These are unsettling times. Among both black and white South Africans there is a paralysing feeling of anxiety, drift and imminent collapse.
This in itself damages the economy because many, especially in the public sector, feel that their hard work will be cancelled out by those greedily eating away scarce public resources. There is a choking sense that the current generation in government may not have the ideas or political will to lead us out of this malaise.
Many supporters of the ANC also wonder whether we will be struck by that curse of African liberation movements — the failure to improve the lot of the widest number of people and to create a better and caring society.
This is a cataclysmic shift in the political climate. Are there any solutions?
There are new task teams, calls for more debate on morality, new laws … But with no urgent amendment of the electoral law to allow citizens to elect their representatives directly, rather than for party leaders to choose them, these will be Band-Aid measures. This crisis has deep institutional, moral and leadership dimensions, and only a spring-clean of leadership, ideas and institutions will lift the gloom.
In most democratic societies the obvious way out of such stagnation is an electoral solution. This is not realistic in our case. The opposition parties are still too limited and the ANC is still too dominant.
The alternative is for the ANC itself to spring-clean. This will mean making itself more democratic, transparent and responsive. It will demand political courage, will and resolve from the ANC’s leadership, though any ANC leaders who champion a shake-up of the party are likely to have their careers killed off.
The ANC desperately needs a better calibre of leadership at all levels. Amilcar Cabral, one of the great thinkers of African liberation ideology, said the success of liberation movements that become governments depends on the personal moral behaviour, decency and honesty of their leaders and members. Cabral argued that these qualities were more important when they were in government than an adherence to ideology and a mechanical dedication to the rules and policies of the party.
Inside the ANC, prospective leaders must be elected on a truly competitive basis. The ANC leadership must open all internal party elections. Candidates must apply openly for all vacancies, as one applies for a job in the private sector. Interviewing panels must be independent, staffed by neutral veterans, or even independent outsiders with status. Candidates must be judged on the basis of merit, moral character and commitment to public service. This will help to bring fresh blood into the party.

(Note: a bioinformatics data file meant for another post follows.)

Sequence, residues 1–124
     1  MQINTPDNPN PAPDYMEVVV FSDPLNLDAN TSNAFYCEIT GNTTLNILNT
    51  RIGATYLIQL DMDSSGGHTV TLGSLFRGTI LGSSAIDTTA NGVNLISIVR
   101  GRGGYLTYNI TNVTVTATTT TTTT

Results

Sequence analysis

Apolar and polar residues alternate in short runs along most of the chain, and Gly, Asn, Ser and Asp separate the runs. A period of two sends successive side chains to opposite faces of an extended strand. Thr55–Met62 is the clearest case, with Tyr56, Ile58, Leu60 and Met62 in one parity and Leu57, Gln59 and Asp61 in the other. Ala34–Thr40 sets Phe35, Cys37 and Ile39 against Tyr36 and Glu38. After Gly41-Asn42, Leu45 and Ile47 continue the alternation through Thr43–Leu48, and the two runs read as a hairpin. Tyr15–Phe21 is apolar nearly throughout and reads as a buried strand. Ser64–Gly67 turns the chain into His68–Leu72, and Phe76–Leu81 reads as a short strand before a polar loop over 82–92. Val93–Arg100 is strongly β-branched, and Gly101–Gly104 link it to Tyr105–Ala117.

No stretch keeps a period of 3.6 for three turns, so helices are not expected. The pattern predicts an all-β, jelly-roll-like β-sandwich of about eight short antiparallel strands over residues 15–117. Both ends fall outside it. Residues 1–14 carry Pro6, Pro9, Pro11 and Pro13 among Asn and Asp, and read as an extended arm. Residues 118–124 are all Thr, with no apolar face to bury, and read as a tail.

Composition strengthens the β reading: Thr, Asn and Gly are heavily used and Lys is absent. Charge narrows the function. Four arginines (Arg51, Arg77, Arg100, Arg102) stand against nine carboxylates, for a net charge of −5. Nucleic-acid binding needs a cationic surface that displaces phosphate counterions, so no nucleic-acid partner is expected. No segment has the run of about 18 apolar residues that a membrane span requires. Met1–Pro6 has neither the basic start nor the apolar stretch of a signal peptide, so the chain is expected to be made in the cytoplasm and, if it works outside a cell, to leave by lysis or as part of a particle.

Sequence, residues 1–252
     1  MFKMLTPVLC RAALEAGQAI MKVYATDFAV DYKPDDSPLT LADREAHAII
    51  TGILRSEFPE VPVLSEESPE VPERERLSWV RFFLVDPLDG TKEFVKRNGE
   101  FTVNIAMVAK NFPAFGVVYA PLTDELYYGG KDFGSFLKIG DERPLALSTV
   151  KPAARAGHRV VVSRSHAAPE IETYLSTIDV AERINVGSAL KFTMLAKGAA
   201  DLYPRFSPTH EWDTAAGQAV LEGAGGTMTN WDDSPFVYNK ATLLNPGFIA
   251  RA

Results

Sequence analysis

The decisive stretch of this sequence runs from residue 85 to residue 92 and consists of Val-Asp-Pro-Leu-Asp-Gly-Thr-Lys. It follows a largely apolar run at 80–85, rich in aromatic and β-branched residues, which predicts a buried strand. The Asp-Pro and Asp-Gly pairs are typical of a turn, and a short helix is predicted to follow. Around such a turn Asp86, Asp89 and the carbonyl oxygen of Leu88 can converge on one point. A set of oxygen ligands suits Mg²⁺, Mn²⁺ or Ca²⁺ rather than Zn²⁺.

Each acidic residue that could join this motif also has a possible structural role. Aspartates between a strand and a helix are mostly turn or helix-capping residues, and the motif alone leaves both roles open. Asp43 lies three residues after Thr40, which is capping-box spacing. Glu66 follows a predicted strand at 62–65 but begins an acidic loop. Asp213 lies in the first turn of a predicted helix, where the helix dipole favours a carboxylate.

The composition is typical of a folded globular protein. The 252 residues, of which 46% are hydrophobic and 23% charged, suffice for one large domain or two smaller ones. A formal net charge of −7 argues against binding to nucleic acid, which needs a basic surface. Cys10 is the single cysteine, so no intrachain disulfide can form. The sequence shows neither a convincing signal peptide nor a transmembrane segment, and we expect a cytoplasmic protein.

The policy of African leadership must be done away with, because it is being manipulated. If Trevor Manuel, for example, is the best candidate for the ANC presidency, he must be elected as the ANC president.
In the public sector, appointments to senior government, state-owned enterprises and commissions must be opened up beyond the ANC membership pool, across colour and political affiliations.
Importantly, the system of merit must be applied across the party and public service. The lack of such a system has not only made these areas less appealing to the talented, it has also allowed the mediocre, by bootlicking the local party strongman, to flourish. It has also meant that independent-mindedness, which is needed to hold elected officials accountable, has been discouraged, because advancement is based on sucking up to authority.
The ANC leadership must rid itself of the most corrupt senior party leaders first. Ministers and public servants who are under performing, even if they are powerful in the party, must also be sacked.
The reality is that behavioural change among citizens is only going to be fostered if ANC party leaders are seen to follow the rules applicable to everyone else. Flagrant ignorance of the new democratic laws by post-apartheid leaders will only encourage the apartheid-era culture of evading the law to persist.
There should not be two sets of laws: one for the party aristocracy and another for ordinary citizens.
A lifestyle audit of all members of all party leaders and public servants is absolutely crucial — it will also boost public confidence.
Drop black economic empowerment as a policy and give companies BEE points for how much they invest in job creation, black education and housing; and for uplifting the physical and social infrastructure of townships and rural areas, and supporting the five-million entrepreneurs in the informal sector.
Honesty must also be restored to the centre of public debate. In a crisis, it is better for any government to stick with core policies, provided these are genuinely in the interest of the whole country, and then resolutely implement them. Double-speak to try to please everyone will just compound the uncertainty, drift and paralysis.
Only substantial reform at the centre — in party, government and individual behaviour — will inject fresh public confidence and unlock the paralysis. Continuing “business as usual” by the ANC leadership in the face of our current crisis will hit the ANC electoral fortunes. If public service delivery remains sluggish, and leaders keep on looting, more and more ANC members and supporters will desert the party.
Doing nothing will continue a negative cycle of waning public trust in the government, which can only lead to more violent community rebellions against the government, more self-enrichment at the top as those in power loot as much and as quickly as possible before the resources dry up, and those in the private sector with the talent and money either cut their losses in South Africa and run, or eschew public commitment to look after themselves and their families.
William Gumede is co-editor (with Leslie Dikeni) of the recently released The Poverty of Ideas (Jacana)